TRANSCRIPT/VIDEO PART TWO: Three Hours With Warren Buffett - Live From Omaha
QUICK: All right. Let's get to some...
BUFFETT: Where's the popcorn?
QUICK: Oh, there--they didn't provide popcorn quite this early...
BUFFETT: All right.
QUICK: ...but we do have some questions that are coming up. Let's get to the first question for Mr. Buffett.
Unidentified Man #1: Do you think there's a characteristic about American democracy that leads to American debt?
QUICK: A characteristic about American democracy that leads to American debt. What do you think?
BUFFETT: Well, there's nothing inappropriate about having debt in America. I mean, Berkshire has debt, and it's helped us grow over time. And it's when debt gets out of control that you worry. But the American democracy, it's always fun to spend a little more than you take in, and that applies to individuals, it applies to governments. And in a $14 trillion economy, having debt that's 60-odd percent of GDP is not inappropriate. It wasn't inappropriate when we had 120 percent of GDP in debt after World War II, because we had to fight a war.
QUICK: Although you can't expect to maintain deficits like that endlessly.
BUFFETT: Yeah, you can expect to maintain a deficit that's a given percentage of the GDP. I mean, Berkshire can expect to have debt forever, and the larger we get in terms of our equity and earning power, the more debt we can sustain. And I don't think our shareholders would want us to operate--take on some rule where we're going to operate debt-free in the future. So it's--what you worry about is when the debt starts spiraling out of control, when it goes up year after year after year as a percentage of GDP, because eventually when that occurs people--if you try to borrow money around the world in your own currency, the world will say no. That's what happened in South America in the past, it happened in the--in the Asian arena. We are able to borrow money in dollars. The world trusts the dollar. If we tried to run our debt up to 3- or 400 percent of GDP, nobody would want debt denominated in dollars.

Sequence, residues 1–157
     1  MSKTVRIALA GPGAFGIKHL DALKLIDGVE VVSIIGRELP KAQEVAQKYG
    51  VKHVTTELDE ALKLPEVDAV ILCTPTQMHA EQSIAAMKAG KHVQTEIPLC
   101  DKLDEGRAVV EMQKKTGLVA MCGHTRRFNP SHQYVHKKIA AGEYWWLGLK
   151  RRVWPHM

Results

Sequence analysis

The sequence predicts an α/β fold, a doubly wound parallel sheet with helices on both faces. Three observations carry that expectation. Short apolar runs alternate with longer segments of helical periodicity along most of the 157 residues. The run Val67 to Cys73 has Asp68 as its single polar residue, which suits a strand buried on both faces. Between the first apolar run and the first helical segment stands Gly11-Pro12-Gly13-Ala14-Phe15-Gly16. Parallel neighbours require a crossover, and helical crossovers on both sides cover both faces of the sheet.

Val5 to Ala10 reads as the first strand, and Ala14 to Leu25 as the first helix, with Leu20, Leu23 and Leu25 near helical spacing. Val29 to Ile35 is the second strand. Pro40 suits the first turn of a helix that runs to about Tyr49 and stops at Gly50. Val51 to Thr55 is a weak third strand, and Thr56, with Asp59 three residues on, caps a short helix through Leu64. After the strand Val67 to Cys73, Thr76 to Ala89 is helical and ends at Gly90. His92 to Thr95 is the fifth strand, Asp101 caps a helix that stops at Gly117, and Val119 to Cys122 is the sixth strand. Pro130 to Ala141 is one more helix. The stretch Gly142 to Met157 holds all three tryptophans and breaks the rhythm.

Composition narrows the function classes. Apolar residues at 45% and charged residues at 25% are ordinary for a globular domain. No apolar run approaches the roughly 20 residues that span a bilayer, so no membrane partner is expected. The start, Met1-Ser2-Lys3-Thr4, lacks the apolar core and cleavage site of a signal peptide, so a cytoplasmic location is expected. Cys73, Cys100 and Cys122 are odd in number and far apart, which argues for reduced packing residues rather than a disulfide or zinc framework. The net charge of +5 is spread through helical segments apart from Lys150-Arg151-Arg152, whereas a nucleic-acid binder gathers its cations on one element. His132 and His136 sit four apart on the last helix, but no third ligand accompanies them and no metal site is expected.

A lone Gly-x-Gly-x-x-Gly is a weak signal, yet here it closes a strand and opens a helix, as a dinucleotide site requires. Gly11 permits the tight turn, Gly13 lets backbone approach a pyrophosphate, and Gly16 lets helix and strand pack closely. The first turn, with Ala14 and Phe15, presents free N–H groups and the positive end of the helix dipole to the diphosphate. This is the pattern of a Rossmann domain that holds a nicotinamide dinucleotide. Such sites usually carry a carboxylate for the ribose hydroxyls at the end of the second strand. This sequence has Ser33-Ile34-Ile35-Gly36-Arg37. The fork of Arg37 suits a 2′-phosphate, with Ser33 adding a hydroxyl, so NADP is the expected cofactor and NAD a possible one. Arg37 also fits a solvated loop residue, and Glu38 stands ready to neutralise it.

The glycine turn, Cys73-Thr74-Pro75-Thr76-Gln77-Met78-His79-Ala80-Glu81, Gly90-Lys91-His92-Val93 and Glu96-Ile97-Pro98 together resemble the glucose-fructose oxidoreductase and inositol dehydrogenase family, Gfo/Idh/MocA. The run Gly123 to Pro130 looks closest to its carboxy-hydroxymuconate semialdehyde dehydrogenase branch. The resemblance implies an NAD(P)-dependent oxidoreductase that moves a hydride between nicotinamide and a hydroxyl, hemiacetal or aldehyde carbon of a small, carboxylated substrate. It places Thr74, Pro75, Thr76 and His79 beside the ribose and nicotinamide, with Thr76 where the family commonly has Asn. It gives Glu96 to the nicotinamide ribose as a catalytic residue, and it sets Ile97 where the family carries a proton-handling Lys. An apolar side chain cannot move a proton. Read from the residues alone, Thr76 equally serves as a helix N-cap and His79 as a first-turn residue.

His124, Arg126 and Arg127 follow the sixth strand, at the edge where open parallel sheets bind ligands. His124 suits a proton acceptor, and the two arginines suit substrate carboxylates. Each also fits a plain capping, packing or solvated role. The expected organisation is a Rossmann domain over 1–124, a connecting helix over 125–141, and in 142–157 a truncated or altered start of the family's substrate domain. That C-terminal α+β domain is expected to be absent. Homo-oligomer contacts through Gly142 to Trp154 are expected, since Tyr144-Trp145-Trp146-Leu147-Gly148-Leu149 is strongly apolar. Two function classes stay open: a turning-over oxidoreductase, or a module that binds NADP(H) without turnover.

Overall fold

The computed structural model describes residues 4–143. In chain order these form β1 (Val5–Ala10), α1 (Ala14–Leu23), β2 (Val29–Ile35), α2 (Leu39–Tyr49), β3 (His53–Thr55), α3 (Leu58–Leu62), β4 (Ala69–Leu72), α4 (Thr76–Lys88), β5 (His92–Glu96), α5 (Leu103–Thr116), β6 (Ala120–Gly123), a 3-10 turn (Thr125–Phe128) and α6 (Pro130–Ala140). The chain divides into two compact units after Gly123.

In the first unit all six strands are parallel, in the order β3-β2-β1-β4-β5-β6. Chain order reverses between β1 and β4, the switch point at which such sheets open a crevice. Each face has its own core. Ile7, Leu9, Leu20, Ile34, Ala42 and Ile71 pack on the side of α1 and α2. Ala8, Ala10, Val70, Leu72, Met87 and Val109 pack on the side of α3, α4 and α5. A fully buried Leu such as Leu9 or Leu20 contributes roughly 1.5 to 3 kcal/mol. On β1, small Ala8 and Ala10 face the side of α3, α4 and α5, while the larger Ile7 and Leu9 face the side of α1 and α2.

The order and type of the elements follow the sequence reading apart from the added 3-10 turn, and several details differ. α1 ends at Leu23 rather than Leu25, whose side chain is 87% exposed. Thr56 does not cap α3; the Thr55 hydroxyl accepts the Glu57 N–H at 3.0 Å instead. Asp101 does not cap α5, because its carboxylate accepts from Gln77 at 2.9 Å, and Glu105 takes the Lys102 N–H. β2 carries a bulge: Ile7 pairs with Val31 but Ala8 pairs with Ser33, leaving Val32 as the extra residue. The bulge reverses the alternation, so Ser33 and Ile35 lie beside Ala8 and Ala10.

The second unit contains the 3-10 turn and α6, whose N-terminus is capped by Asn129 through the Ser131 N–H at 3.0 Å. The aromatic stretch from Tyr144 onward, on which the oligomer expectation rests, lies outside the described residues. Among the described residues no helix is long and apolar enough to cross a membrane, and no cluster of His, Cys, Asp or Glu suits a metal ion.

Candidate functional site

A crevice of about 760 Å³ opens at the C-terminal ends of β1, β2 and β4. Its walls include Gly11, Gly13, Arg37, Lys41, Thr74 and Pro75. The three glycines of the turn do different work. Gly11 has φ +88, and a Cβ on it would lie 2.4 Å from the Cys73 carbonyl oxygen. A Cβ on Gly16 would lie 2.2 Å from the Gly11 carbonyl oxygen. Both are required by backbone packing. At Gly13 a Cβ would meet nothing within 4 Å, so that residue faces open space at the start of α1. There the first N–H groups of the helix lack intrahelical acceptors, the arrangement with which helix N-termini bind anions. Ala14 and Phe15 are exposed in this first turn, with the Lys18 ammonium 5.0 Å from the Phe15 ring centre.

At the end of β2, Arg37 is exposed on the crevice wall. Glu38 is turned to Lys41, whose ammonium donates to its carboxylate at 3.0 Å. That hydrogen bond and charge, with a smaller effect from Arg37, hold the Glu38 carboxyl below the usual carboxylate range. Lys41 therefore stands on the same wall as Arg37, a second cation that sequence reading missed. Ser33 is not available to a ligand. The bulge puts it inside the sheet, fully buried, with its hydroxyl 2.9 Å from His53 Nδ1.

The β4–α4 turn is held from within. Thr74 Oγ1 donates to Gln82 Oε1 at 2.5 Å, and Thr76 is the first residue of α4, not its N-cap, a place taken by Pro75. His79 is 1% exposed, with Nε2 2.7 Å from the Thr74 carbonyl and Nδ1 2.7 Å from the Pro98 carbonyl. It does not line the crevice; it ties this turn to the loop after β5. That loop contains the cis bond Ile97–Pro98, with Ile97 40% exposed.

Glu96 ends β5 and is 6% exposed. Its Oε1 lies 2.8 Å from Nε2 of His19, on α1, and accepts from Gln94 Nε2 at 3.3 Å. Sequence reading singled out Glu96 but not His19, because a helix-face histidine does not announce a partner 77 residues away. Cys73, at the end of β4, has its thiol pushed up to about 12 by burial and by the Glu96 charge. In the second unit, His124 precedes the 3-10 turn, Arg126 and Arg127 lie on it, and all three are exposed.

QUICK: OK. Let's take another question. This one comes from Irvine, California.
Unidentified Man #2: Hey, Mr. Buffett, I would like to know what is going to happen with Fannie Mae. Are they going under?
QUICK: That was, again, what would be the best investment to hedge against the upcoming debt crisis?